During this same period, Ye extended his studies to include the general circulation over the whole northern hemisphere. In the early 1950s, for example, he and his collaborators demonstrated that, not infrequently, there was an abrupt change in the upper-air circulation over the northern hemisphere in June and October, together with a sudden northward shift of the westerlies and easterlies. They showed that these changes were associated with the onset of the south-west monsoon in India and related phenomena in China and Japan. They studied many aspects of the atmospheric general circulation and the factors affecting it, such as the balance of angular momentum, heat and energy transfer, high and low index phenomena, the occurrence of blockings, etc. In 1958, Ye and his assistant, Chu, wrote the book Some Fundamental Problems of the General Circulation of the Atmosphere, which was one of the earliest publications in the dynamics of the general circulation. In another book, The Problems of Adaptation in Atmospheric Motions of 1963 (co-author Li), Ye proposed a few new concepts, such as the spatial-scale effect in geostrophic adjustment, the adjustment between pressure and windfield in mesoscale motion, the hydrostatic adjustment, etc.

The poem composed and presented to Prof. Ye by Prof. Lu Jiaxi

The poem composed and presented to Prof. Ye by Prof. Lu Jiaxi on the occasion of Prof. Ye’s 80th birthday

Already in the early stages of his work, Ye realized that, in order to obtain a complete knowledge of events occurring in the atmosphere, it was necessary to take into consideration the effects of the hydro-sphere, the geosphere and the biosphere. He was, and still is, a strong advocate of the idea that international cooperation was essential for the development of knowledge in the atmospheric sciences. He paid special attention to organizing and improving research activities in China, playing a fundamental role in founding the Institute of Atmospheric Physics (IAP). Today, IAP’s activities cover almost all aspects of the atmospheric sciences. In the international arena, Ye has been extremely active. He was a member of the Joint Scientific Committee of the World Climate Research Programme of ICSU and WMO (1982-1988), a member of the IAMAP Executive Committee (1983-1987), a member of the Scientific Committee of the International Geosphere-Biosphere Programme (IGBP) (1987-1990) and a member of the IUGG Bureau. He initiated China’s studies on the IGBP and assisted in setting up the START Regional Centre for Temperate East Asia.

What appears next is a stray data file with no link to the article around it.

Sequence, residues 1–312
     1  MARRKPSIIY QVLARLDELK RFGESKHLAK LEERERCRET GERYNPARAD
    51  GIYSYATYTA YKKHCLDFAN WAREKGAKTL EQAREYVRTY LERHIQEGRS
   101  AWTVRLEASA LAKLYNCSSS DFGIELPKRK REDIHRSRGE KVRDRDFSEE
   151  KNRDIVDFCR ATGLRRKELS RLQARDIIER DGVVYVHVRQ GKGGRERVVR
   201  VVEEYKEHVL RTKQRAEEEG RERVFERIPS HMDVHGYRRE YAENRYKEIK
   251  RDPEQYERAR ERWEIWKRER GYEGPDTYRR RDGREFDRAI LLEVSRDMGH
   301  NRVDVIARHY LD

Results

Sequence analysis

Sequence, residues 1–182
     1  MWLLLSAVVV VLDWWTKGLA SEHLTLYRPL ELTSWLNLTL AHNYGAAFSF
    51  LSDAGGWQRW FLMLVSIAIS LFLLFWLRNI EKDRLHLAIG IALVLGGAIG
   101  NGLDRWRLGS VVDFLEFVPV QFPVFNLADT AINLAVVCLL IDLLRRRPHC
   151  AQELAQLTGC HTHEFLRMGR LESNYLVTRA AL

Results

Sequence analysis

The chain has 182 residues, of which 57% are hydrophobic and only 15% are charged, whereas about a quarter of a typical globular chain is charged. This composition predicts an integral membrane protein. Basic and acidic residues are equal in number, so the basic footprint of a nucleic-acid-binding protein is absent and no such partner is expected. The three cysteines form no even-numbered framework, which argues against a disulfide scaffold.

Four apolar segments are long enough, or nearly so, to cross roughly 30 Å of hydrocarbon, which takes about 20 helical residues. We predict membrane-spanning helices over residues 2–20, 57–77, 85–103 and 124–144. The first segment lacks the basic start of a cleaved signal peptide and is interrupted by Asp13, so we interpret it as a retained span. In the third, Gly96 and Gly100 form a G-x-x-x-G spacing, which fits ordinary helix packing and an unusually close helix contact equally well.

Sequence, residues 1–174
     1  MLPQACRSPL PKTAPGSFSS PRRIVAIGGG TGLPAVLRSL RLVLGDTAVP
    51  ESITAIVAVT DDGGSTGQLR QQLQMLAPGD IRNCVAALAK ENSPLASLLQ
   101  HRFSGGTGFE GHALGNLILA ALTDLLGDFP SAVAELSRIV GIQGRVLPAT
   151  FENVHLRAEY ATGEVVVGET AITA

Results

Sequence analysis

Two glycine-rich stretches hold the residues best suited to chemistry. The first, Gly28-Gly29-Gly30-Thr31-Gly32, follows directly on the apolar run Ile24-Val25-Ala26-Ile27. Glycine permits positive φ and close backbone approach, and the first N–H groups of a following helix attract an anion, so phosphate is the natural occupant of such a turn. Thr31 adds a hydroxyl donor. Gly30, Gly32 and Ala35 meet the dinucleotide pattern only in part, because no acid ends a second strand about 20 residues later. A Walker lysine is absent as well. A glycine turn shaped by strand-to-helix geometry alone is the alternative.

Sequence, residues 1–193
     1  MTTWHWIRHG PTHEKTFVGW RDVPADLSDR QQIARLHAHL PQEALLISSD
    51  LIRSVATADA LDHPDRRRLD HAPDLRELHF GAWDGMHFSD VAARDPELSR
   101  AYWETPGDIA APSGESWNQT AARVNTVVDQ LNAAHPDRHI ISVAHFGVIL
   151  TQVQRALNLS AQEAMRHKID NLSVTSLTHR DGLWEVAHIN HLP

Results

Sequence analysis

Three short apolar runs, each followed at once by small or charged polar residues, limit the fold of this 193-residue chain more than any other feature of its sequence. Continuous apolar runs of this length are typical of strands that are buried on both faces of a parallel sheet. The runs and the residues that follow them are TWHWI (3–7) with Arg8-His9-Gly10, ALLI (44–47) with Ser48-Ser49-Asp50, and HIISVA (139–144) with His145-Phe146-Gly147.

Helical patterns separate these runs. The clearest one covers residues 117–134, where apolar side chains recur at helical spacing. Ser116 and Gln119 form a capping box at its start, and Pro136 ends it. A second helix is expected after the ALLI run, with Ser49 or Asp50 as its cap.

One of Ye’s most outstanding services to meteorology in China was the restoration of the Chinese Meteorological Society (CMS), which had been suspended for a decade under the “Cultural Revolution”. He was elected President of the CMS in 1978 and remained in that office until 1986. His first step was the convening of a session of the National Congress of CMS members, when the constitution of CMS was redrafted, and members were urged to participate in the drive to meteorological modernization

Ye’s presidency was noteworthy. Some 100 academic meetings were held and many comprehensive and multi-disciplinary conferences and scientific surveys were organized. Meteorology and meteorological services gained public recognition; continued education was provided at various levels; and national institutions engaged in popular meteorology were established, making CMS a major source of meteorological publicity. Acta Meteorologica Sinica was reactivated; a new publication, Meteorological Knowledge, was launched; the Tu Changwang Scientific and Technological Prize for Young Meteorologists was set up; and exchanges and contacts with foreign counterparts were initiated. In brief, the CMS played an important role in upgrading meteorological science.

Ye has also rendered invaluable service to developing the operational aspects of meteorology in China. In the early 1950s, he provided great support to the establishment of the Joint Centre of Weather Analysis and Forecasts and the Joint Office of Climate Data of the Chinese Academy of Science and the Chinese Meteorological Bureau (later the Weather Forecast Centre and the Climate Data Centre of the China Meteorological Administration (CMA). It was Ye who pointed out the necessity of initiating studies of atmospheric chemistry and he was one of the pioneers of global change research. He proposed many new concepts, such as the predictability of global change, the climate and ecology-sensitive zones in response to global change. As the Chairman of the Chinese National Committee for the IGBP, he brought all branches of the relevant sciences together and ensured the smooth coordination of the IGBP in China.